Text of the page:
a man lays in bed alone next to a dotted outline of his partner

In the Eyes of the Carer

Earlier today, I asked my husband what RLS meant to him. He physically slumped in his chair. A distant look traveled across his face while he considered my question. His reply startled me.

Loneliness.

I often think to myself how RLS cuts its sufferers off from the world, turning our nights into days, turning us into the vampires of the medical world; mainly seen at night, rarely during the day, and never in sunlight.

Isolated nights with RLS

My medical conditions drove me to spend my nights away from my partner. RLS was the predominant reason. As I may have mentioned before, for the years we slept in the same bed, as my RLS started to rear its ugly head, my poor husband was kicked black and blue.

For the last 6 years, we have slept apart. It is outstanding how not spending those 8 hours together impacts your relationship. You may only be snoring in each other's faces and playing tug of war with the duvet, but it is all an essential closeness.

While I am pacing the length and breadth of the house, driving my poor adopted dog loopy as all he wants to do is sleep, RLS seems to drive a wedge into my head with a hammer, dragging out all the torturous thoughts I have ever had.

Halfway through the night, Ralph disappears off to bed with his Daddy, huffing at me as he walks past. The final thought of my companion is that even he has had enough! This leaves me, once again, all on my own with the same thoughts that haunt me most nights.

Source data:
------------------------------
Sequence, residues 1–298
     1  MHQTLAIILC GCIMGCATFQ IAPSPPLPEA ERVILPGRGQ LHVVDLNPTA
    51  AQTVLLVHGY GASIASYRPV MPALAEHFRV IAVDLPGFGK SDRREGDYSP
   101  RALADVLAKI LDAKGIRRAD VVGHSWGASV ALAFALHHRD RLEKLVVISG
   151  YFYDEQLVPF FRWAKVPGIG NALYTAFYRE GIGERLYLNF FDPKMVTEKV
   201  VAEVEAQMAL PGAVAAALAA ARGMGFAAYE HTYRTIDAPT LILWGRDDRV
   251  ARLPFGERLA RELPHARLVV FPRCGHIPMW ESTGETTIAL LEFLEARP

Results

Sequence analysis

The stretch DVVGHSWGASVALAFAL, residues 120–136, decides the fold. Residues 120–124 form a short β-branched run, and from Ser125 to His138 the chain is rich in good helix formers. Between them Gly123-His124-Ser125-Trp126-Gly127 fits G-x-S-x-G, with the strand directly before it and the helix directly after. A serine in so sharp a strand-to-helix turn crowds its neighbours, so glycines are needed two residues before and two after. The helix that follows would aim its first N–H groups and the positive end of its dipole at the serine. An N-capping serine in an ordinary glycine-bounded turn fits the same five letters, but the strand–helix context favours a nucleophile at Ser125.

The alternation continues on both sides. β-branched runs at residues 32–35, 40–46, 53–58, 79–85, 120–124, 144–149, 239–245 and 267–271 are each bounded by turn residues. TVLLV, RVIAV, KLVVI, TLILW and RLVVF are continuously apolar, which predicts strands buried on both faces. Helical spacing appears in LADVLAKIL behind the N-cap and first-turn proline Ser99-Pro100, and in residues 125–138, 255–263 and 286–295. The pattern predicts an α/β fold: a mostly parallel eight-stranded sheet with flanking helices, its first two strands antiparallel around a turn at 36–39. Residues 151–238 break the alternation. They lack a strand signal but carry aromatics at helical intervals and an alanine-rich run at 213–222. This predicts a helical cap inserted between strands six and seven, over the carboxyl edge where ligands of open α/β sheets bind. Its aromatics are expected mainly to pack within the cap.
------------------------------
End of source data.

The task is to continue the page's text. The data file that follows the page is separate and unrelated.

Early morning relief is short-lived

As the sun begins to poke its head from the horizon, relief starts to sweep across my weary torso. Depending on what time of year it is, 4:00 AM in the summer is slightly too early to celebrate the forthcoming release of my limbs from the RLS monster. During the winter months, 7:00 AM is just about the right time to start the jig around the lounge.

The tell-tale noises emanate from the bedroom. My husband says good morning to Ralph, who is enthusiastically headbutting him to get out of bed. After a night of mundanity, the loud laughter makes my heart smile, even more so when I have a 24kg Basset Hound launch himself at me, enthusiastically wagging his tail.

Unsurprisingly, the joy is short-lived. I can start to feel the RLS grip releasing on my legs, my body swapping continuous movement for unbelievable fatigue. We spend an hour as a family, drinking tea and having breakfast before my system can no longer cope.

Restless legs syndrome equals loneliness

Dragging my legs, which now feel like lead, off to the bedroom to undertake my designated rota allocation of sleep, the relief is palpable. My aching body sinks into the mattress, enveloped by my weighted duvet, which pins me with just enough pressure to reassure me I am soothed.

This is the routine in my home. Until today, I never realized how selfish my RLS makes me. My husband may have company from his hairy companion, but it is nothing like having me yak away about whatever topic is annoying me that day.

When I am asleep, his ever-present buddy curls up on the sofa and sleeps too. Occasionally, he comes and joins me on my bed, using my stillness to prop himself up into a comfortable position. This leaves my husband entirely alone.

For all involved, it seems restless legs syndrome equals loneliness.

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